Find out what’s happening in the property investment arena both in the UK and internationally
A Look into the Future of the Florida Property Market
June 21, 2011Article by Ray Withers
The Florida property market is currently one of the hottest in the world as investors from the UK, America, India, Brazil, China and around the world converge on the bargain infested sunshine state. These buyers have been brought in by the massive amount of bargain properties available for sale, which is a direct result of the massive foreclosure problem in the state.
This is obviously a unique situation, and not only one that would be difficult to replicate in the future, but one that no one would ever want to. Whenever we pundits look upon such strange occurrences it almost becomes impossible for us not to start peering into the direction the market is taking, to try and paint a picture of its potential future — the ghost of property market’s future if you will.
When it comes to Florida, this is incredibly difficult to do. Florida has long been one of the most popular tourism destinations in the world, so when low cost flights opened up the global holiday home shop, it stood to reason that Florida would become one of the most popular markets for property buyers as well.
While tourism was hit hard by the crisis, it is finding its feet again now, and this cannot fail to affect the algorithm that we are putting together to tell the Florida property market’s future. Then you have the fact that many of the people who lost their homes in Florida were from the first wave of foreign buyers. This can’t fail to have an impact either. Eventually tourism will completely recover. Eventually all the distressed and repossessed properties will be sold. Then, if not before, the Florida property market will be able to find its definitive bottom, ground zero, and this is where we must truly build our vision of the future from.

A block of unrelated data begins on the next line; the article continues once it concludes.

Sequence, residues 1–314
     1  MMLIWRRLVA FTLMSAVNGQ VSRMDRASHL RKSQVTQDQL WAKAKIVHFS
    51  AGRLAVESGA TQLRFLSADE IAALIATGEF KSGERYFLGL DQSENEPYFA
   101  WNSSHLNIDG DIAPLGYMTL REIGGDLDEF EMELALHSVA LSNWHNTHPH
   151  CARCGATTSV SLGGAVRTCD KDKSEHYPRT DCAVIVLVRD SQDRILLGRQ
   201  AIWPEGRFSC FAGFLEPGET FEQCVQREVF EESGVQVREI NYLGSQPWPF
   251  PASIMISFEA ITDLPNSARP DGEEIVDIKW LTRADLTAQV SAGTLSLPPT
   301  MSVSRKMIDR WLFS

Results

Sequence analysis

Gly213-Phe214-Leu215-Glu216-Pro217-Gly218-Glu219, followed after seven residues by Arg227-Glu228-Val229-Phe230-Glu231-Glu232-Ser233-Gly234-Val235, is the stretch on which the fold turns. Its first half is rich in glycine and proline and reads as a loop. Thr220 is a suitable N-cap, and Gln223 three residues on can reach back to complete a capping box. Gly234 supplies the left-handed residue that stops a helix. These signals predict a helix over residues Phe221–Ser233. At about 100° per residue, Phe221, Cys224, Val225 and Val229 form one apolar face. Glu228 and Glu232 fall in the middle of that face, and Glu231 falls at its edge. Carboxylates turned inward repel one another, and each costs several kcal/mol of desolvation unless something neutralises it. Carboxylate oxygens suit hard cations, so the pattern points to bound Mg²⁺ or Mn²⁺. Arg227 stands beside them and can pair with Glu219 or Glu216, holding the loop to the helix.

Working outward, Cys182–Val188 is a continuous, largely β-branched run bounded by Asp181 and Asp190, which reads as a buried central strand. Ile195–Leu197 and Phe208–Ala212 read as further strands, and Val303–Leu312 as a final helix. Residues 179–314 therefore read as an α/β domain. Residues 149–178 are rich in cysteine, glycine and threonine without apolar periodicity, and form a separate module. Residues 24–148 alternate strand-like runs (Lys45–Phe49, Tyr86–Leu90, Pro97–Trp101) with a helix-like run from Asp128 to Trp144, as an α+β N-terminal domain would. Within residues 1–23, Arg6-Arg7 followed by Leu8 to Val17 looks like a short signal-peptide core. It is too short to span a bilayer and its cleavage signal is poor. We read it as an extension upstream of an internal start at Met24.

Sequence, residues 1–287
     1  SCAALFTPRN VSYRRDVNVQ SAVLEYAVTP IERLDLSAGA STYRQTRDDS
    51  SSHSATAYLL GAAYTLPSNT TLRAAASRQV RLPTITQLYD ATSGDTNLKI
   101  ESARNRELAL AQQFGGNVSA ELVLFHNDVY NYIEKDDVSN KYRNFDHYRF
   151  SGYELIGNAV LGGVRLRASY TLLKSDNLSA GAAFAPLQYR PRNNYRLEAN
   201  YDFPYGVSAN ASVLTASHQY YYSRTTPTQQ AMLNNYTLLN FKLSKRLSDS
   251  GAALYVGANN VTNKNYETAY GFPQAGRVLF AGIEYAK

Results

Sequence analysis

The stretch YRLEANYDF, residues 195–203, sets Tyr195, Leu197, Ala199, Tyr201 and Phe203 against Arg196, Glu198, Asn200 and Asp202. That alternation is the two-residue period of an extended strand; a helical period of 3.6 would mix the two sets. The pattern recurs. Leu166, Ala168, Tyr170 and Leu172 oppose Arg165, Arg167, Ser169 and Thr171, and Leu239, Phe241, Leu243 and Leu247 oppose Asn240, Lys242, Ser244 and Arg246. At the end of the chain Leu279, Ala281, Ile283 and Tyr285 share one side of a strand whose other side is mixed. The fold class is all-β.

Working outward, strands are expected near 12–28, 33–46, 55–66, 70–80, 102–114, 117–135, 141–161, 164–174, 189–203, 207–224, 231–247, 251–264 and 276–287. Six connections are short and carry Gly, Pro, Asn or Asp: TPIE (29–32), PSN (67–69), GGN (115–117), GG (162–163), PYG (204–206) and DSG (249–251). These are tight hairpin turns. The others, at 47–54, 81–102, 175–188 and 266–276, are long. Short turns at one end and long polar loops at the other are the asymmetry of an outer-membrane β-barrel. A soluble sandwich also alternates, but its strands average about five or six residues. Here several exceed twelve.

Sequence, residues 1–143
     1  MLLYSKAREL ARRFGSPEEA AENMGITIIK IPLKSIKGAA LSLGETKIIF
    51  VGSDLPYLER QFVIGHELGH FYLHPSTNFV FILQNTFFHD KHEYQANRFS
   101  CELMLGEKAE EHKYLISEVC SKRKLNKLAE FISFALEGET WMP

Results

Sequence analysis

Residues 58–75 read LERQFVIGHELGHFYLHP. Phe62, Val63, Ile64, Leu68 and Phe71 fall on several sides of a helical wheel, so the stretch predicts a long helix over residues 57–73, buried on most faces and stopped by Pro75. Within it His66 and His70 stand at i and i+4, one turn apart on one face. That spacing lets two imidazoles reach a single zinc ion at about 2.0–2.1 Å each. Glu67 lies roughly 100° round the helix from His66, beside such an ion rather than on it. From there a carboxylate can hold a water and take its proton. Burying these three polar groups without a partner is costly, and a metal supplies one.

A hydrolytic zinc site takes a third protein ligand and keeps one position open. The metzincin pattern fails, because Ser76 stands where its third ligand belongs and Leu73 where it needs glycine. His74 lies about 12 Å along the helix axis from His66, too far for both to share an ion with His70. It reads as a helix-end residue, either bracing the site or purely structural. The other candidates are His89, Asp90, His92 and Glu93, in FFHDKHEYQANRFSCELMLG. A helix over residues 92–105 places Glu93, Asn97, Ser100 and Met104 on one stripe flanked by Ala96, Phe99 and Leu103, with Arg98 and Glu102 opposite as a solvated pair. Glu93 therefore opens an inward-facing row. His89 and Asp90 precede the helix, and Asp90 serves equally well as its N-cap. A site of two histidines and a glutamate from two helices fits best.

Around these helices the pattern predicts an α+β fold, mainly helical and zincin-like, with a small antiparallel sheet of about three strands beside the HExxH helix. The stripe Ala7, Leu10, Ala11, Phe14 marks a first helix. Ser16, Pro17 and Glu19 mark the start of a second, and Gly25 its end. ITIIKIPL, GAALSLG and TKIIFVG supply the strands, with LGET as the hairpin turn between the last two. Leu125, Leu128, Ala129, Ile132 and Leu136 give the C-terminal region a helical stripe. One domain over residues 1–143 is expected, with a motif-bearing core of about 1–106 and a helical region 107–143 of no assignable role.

At that point a huge proportion of homes in Florida will be owned by foreigners; while this was true before the crisis it will be much bigger. Foreigners have a whole different set of priorities compared to Florida and American-born owners do. Are they living in the property? Are they renting it out to the local population, to holiday makers, or not renting it out at all? Are they in it for the long term or simply looking to sell as soon as a suitable appreciation has been made?
These questions are all important. Like anywhere else, Florida needs more and more homes each year, the high level of foreign owners could hinder that, and too many people selling when the market bottoms could trigger another fall in prices.
However, the most important thing we have been shown during the crisis is that Florida property has undying popularity. Of course people are going to buy cheap properties when they get the chance. That is not to say they wouldn’t be buying anyway.
So when the market does bottom things will most likely carry on as they always have, Florida property will be popular with buyers, and there will be plenty of demand from holiday makers. By that time the American and global economies should have come through the other side of the crisis, and demand for Florida property will once again be a balance of foreigners and locals. The only thing to watch for is that the banks behave more responsibly than they did in the run up to the crash, whether they will do so I do not know — I haven’t got a crystal ball.